Now he was gone.
Dan tried to derail his train of thought, but it was too late. His head began to throb, reminding him of that day. The Worst Day Ever.
Barely able to focus, he stamped his right foot and flicked out his left heel. It was a trick he barely knew how to do. And the board spun. And spun. Practically going into orbit. Dan’s feet connected with the edge of the deck as it clanked down sideways, in the dreaded position known as primo.
Flapping his hands, Dan did his best to balance. But gravity was quick to remind him who the law was around these parts.
He fell.
The back of his head hammered against the tarmac. His ears rang. His ankle hurt. He was sure his left elbow was grazed.
All this was nothing unusual. But today he didn’t feel like getting up.
Today he was just going to lie there.
Dan spread out on tarmac that had been warmed by the June sunlight. He stared at the sky, which was still cloudless. Instead of trying to fight his memories, he let them in.
His first headache had been on the morning of that terrible day.
The four of them – him, Dad, Mum and Kyle – had planned to drive to Porthcawl so that he and Kyle could hire longboards and wetsuits and try some winter surfing. Really, it was just an excuse for Dad to use the camera he had got for Christmas.
But when Dan woke up he didn’t feel right. In fact, he felt as if he had been run over by a truck. 
Mum took his temperature, stared into his eyes and checked his pulse. Her verdict was that you couldn’t be too careful with things like this. So instead of going to the beach, they hit the hospital.
Dan was put under observation with suspected meningitis and his brother was left fuming over his lost chance to tame the wild waves of Wales.
Kyle’s last words to Dan had been, ‘I hate you, dickface.’
His family had sat in the ward until the end of visiting hours and then waved goodbye. Dan had settled in for his evening on the NHS. And that was it.
A lorry, carrying bathroom fittings and steel bedframes, smashed into Mum’s Toyota on the A4174. Four people, including the lorry driver, were smeared like peanut butter across the motorway. Dan was told the news just after a hospital feast of pumpkin soup, chicken á la King and jelly – three things he would never be able to eat again.
Various relatives and family friends came to pack up and sell off everything. The only problem was what to do with the sulky teenage son who had survived. And so Dan was shipped from Bristol to Newcastle, where the only person he knew was 73-year-old Moira Glenn, aka Nana.
At school he quickly settled into his role as the mysterious silent kid you see in American movies. Only here in the North of England mysterious and silent equalled creepy. He wasn’t much of a footballer, which meant he had nothing to talk to anyone about, and his headaches saw him missing so many classes that even the teachers didn’t know his name.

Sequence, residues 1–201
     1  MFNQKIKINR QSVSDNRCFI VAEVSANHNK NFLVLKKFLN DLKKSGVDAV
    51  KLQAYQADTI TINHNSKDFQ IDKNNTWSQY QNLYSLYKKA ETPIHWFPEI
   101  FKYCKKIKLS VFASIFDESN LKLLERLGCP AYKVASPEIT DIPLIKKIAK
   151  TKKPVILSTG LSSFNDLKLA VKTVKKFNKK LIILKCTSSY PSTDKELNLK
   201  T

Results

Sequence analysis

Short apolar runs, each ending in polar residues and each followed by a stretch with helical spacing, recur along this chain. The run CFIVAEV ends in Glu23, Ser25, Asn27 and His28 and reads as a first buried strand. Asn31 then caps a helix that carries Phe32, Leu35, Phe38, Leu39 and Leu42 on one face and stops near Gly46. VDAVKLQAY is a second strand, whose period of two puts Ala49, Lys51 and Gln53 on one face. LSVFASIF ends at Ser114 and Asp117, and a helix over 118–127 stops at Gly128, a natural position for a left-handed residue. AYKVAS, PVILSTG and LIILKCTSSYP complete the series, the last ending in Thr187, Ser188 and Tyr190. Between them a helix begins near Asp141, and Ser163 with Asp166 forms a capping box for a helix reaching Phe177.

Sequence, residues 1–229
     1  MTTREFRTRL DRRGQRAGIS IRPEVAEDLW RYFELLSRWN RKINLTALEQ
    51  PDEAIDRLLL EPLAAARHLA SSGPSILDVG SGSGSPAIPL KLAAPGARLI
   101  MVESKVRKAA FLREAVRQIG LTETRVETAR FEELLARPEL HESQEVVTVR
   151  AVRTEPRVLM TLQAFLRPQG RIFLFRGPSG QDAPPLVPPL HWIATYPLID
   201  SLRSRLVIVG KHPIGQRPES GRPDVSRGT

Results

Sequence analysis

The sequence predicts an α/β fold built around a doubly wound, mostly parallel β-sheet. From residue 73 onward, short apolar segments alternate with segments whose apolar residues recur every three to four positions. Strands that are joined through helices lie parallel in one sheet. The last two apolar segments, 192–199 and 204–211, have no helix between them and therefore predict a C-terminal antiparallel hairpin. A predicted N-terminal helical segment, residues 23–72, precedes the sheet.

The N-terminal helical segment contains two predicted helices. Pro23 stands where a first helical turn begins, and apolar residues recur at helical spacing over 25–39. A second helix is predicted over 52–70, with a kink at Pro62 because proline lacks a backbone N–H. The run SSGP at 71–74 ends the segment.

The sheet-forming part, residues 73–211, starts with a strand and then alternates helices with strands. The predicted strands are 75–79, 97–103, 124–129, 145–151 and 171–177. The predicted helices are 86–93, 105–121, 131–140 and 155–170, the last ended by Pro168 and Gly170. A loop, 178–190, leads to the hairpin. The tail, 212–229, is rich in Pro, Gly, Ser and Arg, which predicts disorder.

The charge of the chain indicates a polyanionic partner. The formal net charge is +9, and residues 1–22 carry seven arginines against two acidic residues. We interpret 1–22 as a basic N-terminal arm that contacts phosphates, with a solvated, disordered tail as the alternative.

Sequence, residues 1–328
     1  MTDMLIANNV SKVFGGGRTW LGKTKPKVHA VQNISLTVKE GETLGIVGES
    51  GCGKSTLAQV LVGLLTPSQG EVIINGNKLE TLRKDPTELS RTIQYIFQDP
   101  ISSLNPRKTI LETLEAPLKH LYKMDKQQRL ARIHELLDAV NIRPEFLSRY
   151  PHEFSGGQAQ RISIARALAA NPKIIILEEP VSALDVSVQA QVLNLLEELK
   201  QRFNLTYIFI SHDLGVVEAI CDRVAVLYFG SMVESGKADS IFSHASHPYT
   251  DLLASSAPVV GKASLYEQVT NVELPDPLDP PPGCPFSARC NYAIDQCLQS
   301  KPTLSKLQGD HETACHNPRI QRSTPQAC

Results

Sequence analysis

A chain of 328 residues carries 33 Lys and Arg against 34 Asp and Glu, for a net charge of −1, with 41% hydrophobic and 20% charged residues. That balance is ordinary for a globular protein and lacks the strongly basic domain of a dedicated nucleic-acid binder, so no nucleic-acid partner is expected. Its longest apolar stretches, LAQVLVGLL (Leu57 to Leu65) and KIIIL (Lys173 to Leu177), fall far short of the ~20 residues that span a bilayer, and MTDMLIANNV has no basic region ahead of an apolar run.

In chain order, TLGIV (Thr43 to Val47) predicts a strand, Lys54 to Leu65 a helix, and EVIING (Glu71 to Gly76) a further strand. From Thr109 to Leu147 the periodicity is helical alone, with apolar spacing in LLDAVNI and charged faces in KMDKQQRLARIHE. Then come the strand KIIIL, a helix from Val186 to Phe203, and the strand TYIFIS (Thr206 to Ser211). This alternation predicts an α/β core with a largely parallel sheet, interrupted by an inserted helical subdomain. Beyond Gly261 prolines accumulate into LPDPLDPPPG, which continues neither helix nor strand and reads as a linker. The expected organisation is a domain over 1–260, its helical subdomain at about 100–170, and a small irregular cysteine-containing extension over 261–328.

Oh, and now today’s headache was turning into the woodpecker.
Tap. Tap. Tap.
With a groan, Dan sat up. Still not quite ready to face the world standing, he dragged himself over to the shade between two wheelie bins.
From here he could see the back of Lunch Munch, the sandwich shop up the road from Nana’s. It reminded him that he had to go home for supper. Nana was probably worried about him already, her finger trembling over the phone, poised to dial 999. 
But Dan was still in the mood to mope.
He sat there – fate made him sit there, he would later think – until a figure stalked into his frame of vision.
It was a guy in a hooded top and pair of jeans so dirty that he was either homeless or a skateboarder.
Dan watched as he grabbed the handle of the green wheelie bin behind the sandwich shop.
Something about the guy didn’t seem right. It wasn’t just the hood pulled over his head despite the heat. His proportions were all wrong, his arms and legs too long for his body.
The guy lifted the lid of the bin and leaned inside. 
Imagining the stench in there, Dan wanted to be sick. He also wanted to ensure that the kinds of people who ferretted around in rubbish bins stayed away from Nana’s house.
‘Excuse me,’ Dan said.
Waist-deep in the bin, the guy couldn’t hear.
Realising that he was being too polite, Dan scrambled to his feet and shouted, ‘Hey!’
The guy flopped out like an oversized baby being born from the bin.
‘I’m really sorry,’ Dan said, feeling a sudden pang of sympathy for someone down on his luck, ‘but you shouldn’t do that.’
His head lowered in shame, the guy began creeping away.
‘I mean, I can bring you a fresh sandwich,’ Dan offered. ‘Or my grandmother’s making mac and cheese. It’s really nice. She does it with bits of bacon. My name’s Dan, by the way.’
The guy stopped and turned. Beneath the hood he was wearing a pink beanie hat, which was crazy considering the heat. But the beanie wasn’t what made Dan gasp.
It wasn’t the eyes either. And they were huge: a pair of flickering disks that looked like the lenses of designer sunglasses.
What made Dan gasp was that this wasn’t a guy at all. Judging from the tiny nose, perfectly-curved cheekbones and pouting mouth, this was something else entirely. 
‘You’re a girl,’ Dan blurted out.
The girl pulled the hood tighter over